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As seen on TV, a fix for George Sherrill

The reliever says he realized what was wrong with his delivery when he watched the Braves' Billy Wagner pitch on TV.

May 19, 2010|By Baxter Holmes

George Sherrill knew something was wrong, but not what.

This was two weeks ago. The Dodgers reliever was struggling. He had allowed 10 earned runs, 14 hits and a dozen walks in 10 innings over 15 games. His earned-run average was 9.00.

He said he would work out the kink as soon as he figured out what it was.

Then, on May 8, Sherrill turned on the Atlanta Braves' game against the Philadelphia Phillies, and he watched left-handed reliever Billy Wagner work one inning and pick up the save for Atlanta.

And Sherrill, a fellow left-hander, saw in Wagner what was wrong with himself: Sherrill's motion was off, with his arm swing long instead of short, and it was throwing off his delivery.

"I watched him throw, and I was like, 'I'm going to watch where he brings the ball out of his glove,'" he said. "And that's how I kind of fixed it."

Sherrill had allowed one hit and no runs in his five previous appearances (three innings) before Wednesday.

It was a subtle change, nothing too noticeable even during video sessions with Dodgers pitching coach Rick Honeycutt, Sherrill said.

"I guess it was something that, in the offseason when I started throwing again, I just started out long and it never felt wrong," Sherrill said. "It just became habit."

Dodgers Manager Joe Torre said it looked like Sherrill had "too many moving parts."

"But right now," Torre added, "I'd say the last handful of appearances have been very comfortable for me and it looks like they are for him, too."

The other aspect, Torre said, is Sherrill's role. Last year when Sherrill joined the Dodgers and was used as a setup man for closer Jonathan Broxton, he shined with a 0.65 ERA in 30 games. But through his struggles, his role was changed as he tried to find his form. The team used him less frequently in the eighth inning and more in spots to help him find his way back.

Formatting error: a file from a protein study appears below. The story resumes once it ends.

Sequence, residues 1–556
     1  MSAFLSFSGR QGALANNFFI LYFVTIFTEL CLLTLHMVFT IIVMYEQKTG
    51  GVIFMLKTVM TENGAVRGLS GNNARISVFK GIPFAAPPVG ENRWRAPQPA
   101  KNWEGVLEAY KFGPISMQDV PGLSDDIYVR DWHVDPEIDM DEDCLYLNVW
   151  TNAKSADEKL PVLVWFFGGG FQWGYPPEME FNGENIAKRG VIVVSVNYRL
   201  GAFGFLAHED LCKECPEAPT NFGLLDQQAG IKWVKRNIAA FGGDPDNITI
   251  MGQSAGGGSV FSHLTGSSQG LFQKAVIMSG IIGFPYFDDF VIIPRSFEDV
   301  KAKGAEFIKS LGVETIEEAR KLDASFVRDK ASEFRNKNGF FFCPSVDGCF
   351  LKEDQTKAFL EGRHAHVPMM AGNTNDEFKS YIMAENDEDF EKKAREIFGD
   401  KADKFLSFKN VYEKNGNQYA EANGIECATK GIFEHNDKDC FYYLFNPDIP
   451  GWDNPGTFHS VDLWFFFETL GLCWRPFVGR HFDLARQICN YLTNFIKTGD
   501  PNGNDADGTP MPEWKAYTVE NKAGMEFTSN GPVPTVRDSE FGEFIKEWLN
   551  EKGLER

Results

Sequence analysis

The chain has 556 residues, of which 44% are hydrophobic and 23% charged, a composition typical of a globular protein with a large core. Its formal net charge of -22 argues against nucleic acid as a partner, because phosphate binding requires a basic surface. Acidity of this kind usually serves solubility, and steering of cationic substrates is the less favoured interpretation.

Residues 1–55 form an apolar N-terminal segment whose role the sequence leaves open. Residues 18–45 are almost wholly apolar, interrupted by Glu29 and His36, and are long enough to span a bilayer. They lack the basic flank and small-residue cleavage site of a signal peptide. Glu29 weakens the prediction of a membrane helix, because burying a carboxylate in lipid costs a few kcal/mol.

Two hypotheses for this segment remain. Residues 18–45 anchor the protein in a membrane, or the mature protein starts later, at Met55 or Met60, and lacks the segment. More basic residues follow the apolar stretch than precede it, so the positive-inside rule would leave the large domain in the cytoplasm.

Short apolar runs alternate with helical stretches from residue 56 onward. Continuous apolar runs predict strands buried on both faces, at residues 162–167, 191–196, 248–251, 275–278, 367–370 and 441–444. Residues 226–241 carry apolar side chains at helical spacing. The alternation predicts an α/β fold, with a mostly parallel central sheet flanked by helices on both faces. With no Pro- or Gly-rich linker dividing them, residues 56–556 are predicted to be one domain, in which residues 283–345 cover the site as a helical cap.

Now that he seems to have found it, he might move back into his old role.

"The good part about it," Torre said, "[Sherrill] doesn't require, ego-wise, to be this guy or that guy. He just wants to help the club win."

Making progress

Torre said shortstop Rafael Furcal, who has been on the disabled list with a strained left hamstring since April 27, was running at "100%" during drills Wednesday and could be activated soon. "His best workout by far," Torre said.

Torre also said opening-day starter Vicente Padilla, who is expected to be out until June with an irritated nerve in his right forearm, threw 40 long tosses from the mound Wednesday and will throw from the mound Thursday, too.

Ramirez gets brief rest

Outfielder Manny Ramirez did not start Wednesday's game after he injured his left foot during warmups. He was replaced in left field by Reed Johnson and pinch-hit for pitcher Jeff Weaver in the fifth, striking out.

Family business

Jerry Crawford was the first-base umpire Wednesday while his brother Joe was the lead official for the Lakers-Suns Western Conference finals game at Staples Center. Both are the son of the late Shag Crawford, a longtime National League umpire.

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